The carcass of a great white shark was found on Gansbaai beach on Saturday [July 4]. A team from Marine Dynamics stated that the shark had a large tear between its two pectoral fins and the heart and liver were missing. These injuries have been seen before in other deceased sharks found in Gansbaai and along the coastline.
Two orcas named Port and Starboard have become somewhat famous for their bent dorsal fins and their hearty appetites for sharks. The pair were spotted two days before this carcass washed ashore.
“On July 4, the Marine Dynamics/ Dyer Island Conservation Trust (DICT) was notified by Paul de Villiers of a Great White shark stranding at De Gruis, Gansbaai, South Africa. The carcass was recovered by Marine Dynamics owner, Wilfred Chivell, and his team, and transported to the Marine Dynamics Academy Lodge,” said Marine Dynamics in a Facebook post.
It was clear that the shark had fallen prey to a large predator that was able to tear its body almost effortlessly.
“The following morning a team lead by DICT marine biologists collected detailed measurements, photographic, and biological samples. The white shark was a 3.6 meter female with a large tear between the two pectoral fins with the liver and heart missing – identical injuries to that previously recorded on deceased white sharks in Gansbaai and other shark species found along the coast. Two days prior there were confirmed sightings in False Bay, Cape Town of the orca pair, Port and Starboard, known to predate on various shark species, including white sharks,” recounts Marine Dynamics in a blog post.
Multiple samples were taken by the team and shark bite marks on the body are believed to be consistent with scavenging following the predation that led to the sharks initial death.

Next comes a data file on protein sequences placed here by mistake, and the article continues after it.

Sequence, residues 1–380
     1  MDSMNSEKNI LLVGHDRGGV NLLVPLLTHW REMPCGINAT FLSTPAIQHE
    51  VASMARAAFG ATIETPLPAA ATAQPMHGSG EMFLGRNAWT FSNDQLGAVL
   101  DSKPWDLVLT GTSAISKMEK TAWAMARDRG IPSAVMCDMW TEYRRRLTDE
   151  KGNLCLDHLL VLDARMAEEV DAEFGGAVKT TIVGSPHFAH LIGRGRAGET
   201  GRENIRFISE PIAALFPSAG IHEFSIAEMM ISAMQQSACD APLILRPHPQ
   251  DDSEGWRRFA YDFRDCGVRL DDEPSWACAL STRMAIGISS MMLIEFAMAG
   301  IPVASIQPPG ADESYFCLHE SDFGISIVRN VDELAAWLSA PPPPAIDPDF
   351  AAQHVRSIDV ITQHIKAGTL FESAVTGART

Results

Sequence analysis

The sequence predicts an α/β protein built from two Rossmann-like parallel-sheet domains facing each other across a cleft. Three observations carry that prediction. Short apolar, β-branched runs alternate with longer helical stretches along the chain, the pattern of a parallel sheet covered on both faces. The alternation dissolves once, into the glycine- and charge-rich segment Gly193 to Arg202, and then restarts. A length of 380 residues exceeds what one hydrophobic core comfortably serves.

In recent years, Cape Town’s waters have been frequented by orcas. Initially, their presence were believed to be responsible for the disappearance of great white shark activity in False Bay. This has been refuted and Marine Dynamic explained the other factors responsible for the lack of great white sightings.
“We believe that commercial overfishing and removal of prey species has a critical impact on the number of white sharks and we are encouraged by the recent selection of an expert panel of scientists to advise the Department of Environmental Affairs, Forestry and Fisheries on addressing this matter. However, the impact of Orca predations on white sharks in Gansbaai is simply undeniable. It is not a smokescreen for a bigger issue but also linked to pressures other marine species are enduring, adding further urgency to the action on threats affecting the decline of shark stocks along the South African coast,” says Wilfred Chivell, CEO of Marine Dynamics.
“The shark cage diving industry is key to daily monitoring of white sharks that can ultimately advise conservation policy. We have been proactive in setting up our COVID-19 safety protocols so we now await confirmation from government as to when we can start operating.”
The orca’s appetite for sharks has affected the local species from reaching maturity and reproducing.
“We have monitored the behaviour and abundance of white sharks in the area for over 13 years through an established long-term boat-based and tagging data program. The interactions between orcas and white sharks were first observed in 2017 and seem to occur at similar times each year, although we are only seeing the shark carcasses that wash out, they are all notably larger white sharks, above 3 meters in length. This is concerning for a species that does not reach reproductive maturity until after this size,” says Senior White shark biologist Alison Towner.
“Collaboration between key experts, scientists, and stakeholders are paramount to proactively preserve the future diversity of Southern African shark populations and we thank the members of the public who have provided important information regarding these issues,” she concluded.
Pictures: Marine Dynamics